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Evening Telegraph, Monday, April 22, 1974
Transcribed by Greville Watson, October 2009

The map calls it Yielden, residents call it Yelden, but whatever you care to call it . . .


The angry villagers talk to Jerry Connolly

Yielden is a village of thatched cottages, winding streams, open fields, and a history that stretches back to the Domesday Book.

There is another facet to this quiet country village near Rushden - it stinks.

At least, that's the opinion of villagers who have had to do without any mains sewerage, and who now have the not unexpected news that their long awaited mains system has been postponed, possibly for five years.

Increased rates

Another twist to the sanitation situation saga is that there is a disused sewage works in the village.

Yet another twist, hitting the pockets of villagers - they have to pay the new increased sewage rates.

"Why should we?" asked Mrs Beryl Warde, of Smithy Cottage, who helps to run a cat breeding centre.

"We don't get the service, so we shouldn't have to pay the cost. I am not sure how much we'd have to pay, but it must be too much for the treatment we've been given."

And her neighbour, Mrs Winifred Cockle, of Chantry Cottage, explained: "The smell in the village is terrible sometimes.

"I am surprised there isn't more disease and illness in the village.

"Sometimes, after rain, you have to pick your way through the streets - it's all slimy and smells vile."

Slimy and smelly

"I've a good mind not to pay the new sewage demands - if only more people could be persuaded to join in.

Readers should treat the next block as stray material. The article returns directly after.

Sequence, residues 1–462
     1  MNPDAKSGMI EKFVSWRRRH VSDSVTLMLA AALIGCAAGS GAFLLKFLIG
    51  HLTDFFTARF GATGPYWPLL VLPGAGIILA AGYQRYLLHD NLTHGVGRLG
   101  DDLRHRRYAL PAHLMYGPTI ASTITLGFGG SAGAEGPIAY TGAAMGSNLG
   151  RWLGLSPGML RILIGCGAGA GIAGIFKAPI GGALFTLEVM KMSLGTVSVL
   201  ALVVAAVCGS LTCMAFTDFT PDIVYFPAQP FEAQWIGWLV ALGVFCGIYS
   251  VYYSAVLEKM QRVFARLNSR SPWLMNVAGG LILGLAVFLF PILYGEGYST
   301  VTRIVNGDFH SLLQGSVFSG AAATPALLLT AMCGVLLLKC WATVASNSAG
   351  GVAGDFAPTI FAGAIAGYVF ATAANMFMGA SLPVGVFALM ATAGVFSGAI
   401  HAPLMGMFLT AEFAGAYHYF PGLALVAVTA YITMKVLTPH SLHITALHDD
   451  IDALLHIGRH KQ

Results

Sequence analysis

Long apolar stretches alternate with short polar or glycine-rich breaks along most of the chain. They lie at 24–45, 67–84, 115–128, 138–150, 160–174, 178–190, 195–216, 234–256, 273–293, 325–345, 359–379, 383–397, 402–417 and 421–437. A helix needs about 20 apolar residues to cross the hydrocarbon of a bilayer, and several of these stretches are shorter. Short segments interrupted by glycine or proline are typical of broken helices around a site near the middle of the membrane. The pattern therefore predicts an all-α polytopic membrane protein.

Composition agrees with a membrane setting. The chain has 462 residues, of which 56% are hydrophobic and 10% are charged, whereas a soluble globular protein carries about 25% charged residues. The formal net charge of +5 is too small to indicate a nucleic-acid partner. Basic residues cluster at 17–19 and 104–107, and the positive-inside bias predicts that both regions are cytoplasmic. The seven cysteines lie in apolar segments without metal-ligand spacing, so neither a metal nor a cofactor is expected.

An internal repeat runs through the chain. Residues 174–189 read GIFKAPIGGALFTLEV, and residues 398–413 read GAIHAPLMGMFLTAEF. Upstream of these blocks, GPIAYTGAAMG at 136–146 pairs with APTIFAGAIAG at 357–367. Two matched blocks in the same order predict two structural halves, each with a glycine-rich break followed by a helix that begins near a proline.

"This sort of thing should have been done about 20 years ago, though."

Kennel-owner, Mr Tommy Carpenter was also curious about the sewage situation. "It's crazy," he said. "I could understand the problem if we were isolated and miles from anywhere.

"But we are only four miles from Rushden and close the Bedford as well.

"It's even more infuriating when there is a perfectly good sewage works in the village being allowed to rot away.

"Until a few years ago it served Chelveston Air Base. It wouldn't have cost a lot to adapt it to the village's needs.

"Most people would have paid to get piped into the system, but it seems nobody wanted to negotiate a deal."

A Bedford District Council spokesman said: "Tenders had been finished and were ready to go out. But because of Government cut-backs, sewerage tenders are unlikely to go out in 1974 or 75.

Cut back in spending

"The sewage works will not be operating for two years. This was happening throughout the district. The only works that can be finished are those that have already been started."

District Council local representative, Mr Deryck Cooper, said it was originally planned to introduce villages throughout the area to the main sewage system.

"It is hoped to get this introduced in 1976. But a cut-back in spending by the Government has put this right back."

He said he would have a better idea of any future plans when estimates are announced next month.

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